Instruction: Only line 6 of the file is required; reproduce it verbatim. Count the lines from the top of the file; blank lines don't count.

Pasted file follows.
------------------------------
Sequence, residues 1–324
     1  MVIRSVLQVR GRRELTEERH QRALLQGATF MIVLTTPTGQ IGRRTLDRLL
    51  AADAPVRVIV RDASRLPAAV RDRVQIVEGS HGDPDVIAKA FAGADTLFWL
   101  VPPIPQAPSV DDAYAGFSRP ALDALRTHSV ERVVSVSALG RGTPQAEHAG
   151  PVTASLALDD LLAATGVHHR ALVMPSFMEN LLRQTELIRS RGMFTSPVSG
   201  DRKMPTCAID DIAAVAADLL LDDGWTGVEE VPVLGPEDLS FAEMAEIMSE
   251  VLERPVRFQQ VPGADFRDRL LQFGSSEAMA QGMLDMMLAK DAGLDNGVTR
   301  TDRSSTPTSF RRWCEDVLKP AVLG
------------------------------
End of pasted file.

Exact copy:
   201  DRKMPTCAID DIAAVAADLL LDDGWTGVEE VPVLGPEDLS FAEMAEIMSE